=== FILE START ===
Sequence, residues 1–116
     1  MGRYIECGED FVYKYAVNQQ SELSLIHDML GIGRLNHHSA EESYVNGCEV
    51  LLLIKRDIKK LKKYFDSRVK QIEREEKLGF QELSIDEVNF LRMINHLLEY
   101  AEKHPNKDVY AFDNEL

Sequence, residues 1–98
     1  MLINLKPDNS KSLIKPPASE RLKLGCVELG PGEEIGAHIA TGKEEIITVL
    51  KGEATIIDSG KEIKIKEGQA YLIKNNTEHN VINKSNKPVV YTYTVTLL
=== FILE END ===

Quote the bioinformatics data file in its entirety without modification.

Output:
Sequence, residues 1–116
     1  MGRYIECGED FVYKYAVNQQ SELSLIHDML GIGRLNHHSA EESYVNGCEV
    51  LLLIKRDIKK LKKYFDSRVK QIEREEKLGF QELSIDEVNF LRMINHLLEY
   101  AEKHPNKDVY AFDNEL

Sequence, residues 1–98
     1  MLINLKPDNS KSLIKPPASE RLKLGCVELG PGEEIGAHIA TGKEEIITVL
    51  KGEATIIDSG KEIKIKEGQA YLIKNNTEHN VINKSNKPVV YTYTVTLL